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 ...and thanks for stopping by. I'm Claire Douglas,  DIY and home interiors writer specialising in money-saving and creative home interior projects. I've spent years developing my 'bespoke on a budget' approach to DIY and home interiors and I love sharing all my tips and tricks in tutorials and posts here on my blog, in articles I write for some of the leading titles, in the press, on Instagram, Tiktok and my online course

  • Claire Douglas

How to remove a rawl plug

Updated: May 14

Pliers pulling a screw and rawl plug out of the wall

Knowing how to remove a rawl plug is a handy DIY skill for a few reasons. You often find rawl plugs embedded in the wall left by previous DIYers and if you don't remove them they'll ruin the look of your newly decorated walls as they stick out above the wall surface slightly so will be noticeable when the light catches them.

Sometimes you might simply put them in the wrong place in error or they might break meaning they need to be replaced before you can put the screw in.

This little tutorial started off as a reel on Instagram a while back. I realised that many people didn’t know how to remove a rawl plug so thought I’d share a couple of DIY tips. If you prefer video, click. that above link

Before we start, a quick word about rawl plugs in case you’re not sure if it’s a rawl plug that you’re dealing with. There are many types of rawl plugs, in various shapes and sizes, that are suitable for different tasks. I think technically ‘Rawlplug’ is a brand, so you’ll see similar wall fixings in the DIY store called ‘wall plugs’ because different companies made them. They have a small round plastic edge and come in a few colours, most commonly red, yellow, blue, brown and grey.

 Today, we are going to look at two types, (below) barbed rawl plugs and non-barbed ones. The example I show is how to remove a rawl plug from plasterboard, but the principals will work in any wall type and in actual fact, rawl plugs are often not the best wall fixing for plasterboard, depending on the weight of the object you’re planning to hang. 

How to remove a rawl plug: 2 ways 

When rawl or wall plugs have barbs, it makes them very difficult to pull them back through the surface they went into for obvious reasons. If the wall surface in question is plasterboard, then it might not be impossible, but if you are successful, it makes the hole you need to fill larger and messier. Therefore, the option I’m going to show below for how to remove a rawl plug is technically not a ‘removal’ at all, but of a ‘remedial’ as the rawl plug body stays in the wall. Let’s take a look…

Find a screw

Screw in a rawl plug

The key step here is to get the right-sized screw for the job. A good way to tell is to use the colour of a rawl plug as a guide. Rawl plugs tend to be the following in diameter (yellow 5mm, red 6mm, brown 7mm, blue 8mm, grey 10mm). If you aren’t sure which is the correct corresponding screw size, then it’s easy to test by inserting the screw into the rawl plug about halfway and checking if it’s a tight fit. You want that screw to fit tightly into the rawl plug at this point so you can get a good enough grip to pull it out.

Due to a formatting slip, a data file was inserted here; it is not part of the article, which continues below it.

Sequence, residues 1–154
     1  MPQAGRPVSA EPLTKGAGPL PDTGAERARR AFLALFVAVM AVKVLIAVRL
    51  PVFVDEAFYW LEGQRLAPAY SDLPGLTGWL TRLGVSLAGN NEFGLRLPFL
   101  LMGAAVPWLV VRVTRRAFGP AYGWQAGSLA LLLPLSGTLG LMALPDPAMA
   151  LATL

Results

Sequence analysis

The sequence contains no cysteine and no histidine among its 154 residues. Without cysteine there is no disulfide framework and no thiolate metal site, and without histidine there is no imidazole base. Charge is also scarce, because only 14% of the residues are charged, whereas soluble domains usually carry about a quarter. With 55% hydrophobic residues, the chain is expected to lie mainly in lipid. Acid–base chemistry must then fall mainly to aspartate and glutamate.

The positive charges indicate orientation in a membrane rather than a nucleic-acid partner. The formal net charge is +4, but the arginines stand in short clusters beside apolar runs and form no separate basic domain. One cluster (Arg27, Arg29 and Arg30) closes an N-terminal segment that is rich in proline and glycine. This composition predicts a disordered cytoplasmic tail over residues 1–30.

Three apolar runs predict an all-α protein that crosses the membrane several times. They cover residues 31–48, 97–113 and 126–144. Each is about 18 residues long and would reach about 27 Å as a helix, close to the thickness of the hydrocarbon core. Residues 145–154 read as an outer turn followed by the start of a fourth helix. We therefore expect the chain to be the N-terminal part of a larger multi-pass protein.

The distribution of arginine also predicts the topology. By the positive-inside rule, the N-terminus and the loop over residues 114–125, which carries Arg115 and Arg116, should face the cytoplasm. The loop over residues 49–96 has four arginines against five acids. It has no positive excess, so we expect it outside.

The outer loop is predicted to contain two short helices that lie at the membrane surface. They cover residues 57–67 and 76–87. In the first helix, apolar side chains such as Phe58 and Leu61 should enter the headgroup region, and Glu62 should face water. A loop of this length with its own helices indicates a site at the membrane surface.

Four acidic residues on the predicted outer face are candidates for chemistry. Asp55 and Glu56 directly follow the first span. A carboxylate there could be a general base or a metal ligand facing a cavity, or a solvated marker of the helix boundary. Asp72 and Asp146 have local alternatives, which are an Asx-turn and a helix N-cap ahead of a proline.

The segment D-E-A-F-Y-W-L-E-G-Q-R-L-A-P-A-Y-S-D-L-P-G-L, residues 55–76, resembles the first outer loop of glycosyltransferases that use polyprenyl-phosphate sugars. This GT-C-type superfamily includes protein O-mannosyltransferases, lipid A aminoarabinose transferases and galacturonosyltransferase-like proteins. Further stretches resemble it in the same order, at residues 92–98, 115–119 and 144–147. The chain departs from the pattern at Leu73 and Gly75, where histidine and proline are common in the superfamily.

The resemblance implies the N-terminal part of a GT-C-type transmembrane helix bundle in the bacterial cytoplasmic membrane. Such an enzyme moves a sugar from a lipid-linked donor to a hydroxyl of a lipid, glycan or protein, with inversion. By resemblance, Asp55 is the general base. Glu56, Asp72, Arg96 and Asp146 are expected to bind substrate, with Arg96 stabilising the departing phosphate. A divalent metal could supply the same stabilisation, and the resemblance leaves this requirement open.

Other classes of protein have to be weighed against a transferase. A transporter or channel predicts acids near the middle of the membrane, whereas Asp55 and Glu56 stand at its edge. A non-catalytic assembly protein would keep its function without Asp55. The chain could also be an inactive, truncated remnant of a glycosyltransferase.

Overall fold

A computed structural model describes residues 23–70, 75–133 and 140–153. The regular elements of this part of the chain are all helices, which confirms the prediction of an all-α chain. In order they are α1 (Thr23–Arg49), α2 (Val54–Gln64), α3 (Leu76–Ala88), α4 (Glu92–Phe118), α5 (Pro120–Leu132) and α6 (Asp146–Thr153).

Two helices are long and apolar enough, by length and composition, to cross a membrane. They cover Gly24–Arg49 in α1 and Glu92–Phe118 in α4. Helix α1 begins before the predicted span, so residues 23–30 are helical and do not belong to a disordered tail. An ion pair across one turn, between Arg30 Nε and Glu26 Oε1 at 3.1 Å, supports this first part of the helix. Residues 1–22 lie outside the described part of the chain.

Screwdriver screwing screw in to rawl plug

Get a grip

Insert the screw halfway into the rawl plug (don’t screw it in too far, as it’ll make the rawl plug even harder to remove because the rawl plug will expand larger than the hole in the wall. When the screw feels tight and secure, grab a claw hammer or pair of pliers.

Pliers pulling rawl plug out of the wall

Pull out

If you are using a claw hammer, trap the rawl plug in the claw and hook it out. If you are using pliers, grip the rawl plug tightly and pull it out of the wall.

Make good

Once the rawl plug is removed, you’ll need to fill the hole it leaves behind and make good. I’ve written a whole separate post about how to repair holes in plasterboard in case it’s useful.

How to remove a rawl plug with barbs

rawl plug with barbed sides

If your rawl plug has barbed sides ( you won’t necessarily know this if you’re removing an old one from the wall until it only comes halfway out and gets stuck), then the easiest option might be to pull it out far enough to cut the end off and then push it back into the wall and fill the hole.

Utility knife cutting rawl plug end off

To cut the end off, you’ll need there not to be a screw in the way, so in this scenario follow steps 1 & 2 from the above procedure then remove the screw. Get a utility (Stanley) knife and cut the protruding part of the rawl plug off. At this point, the rawl plug should be flush to the wall meaning the hole can be filled easily and no-one will ever know there is half a rawl plug hidden in the wall.

I use rawl plugs a lot in my DIY projects as they are super handy for securing screws in the wall when you want to attach say a wall light or painting for example. Always check the fixing type you have is suitable for the wall or ceiling material, it should say on the packet. Always be sure to use the correct size screw in the rawl once it's in the wall to ensure it is able to do its job.

If you find you have a loose rawl plug you'll find my blog post about Wet 'n' Fix pads useful as they are a super quick and simple fix to this issue.

Where next?

Read my must-have DIY tools post to find out all the other toolbox essentials I recommend.

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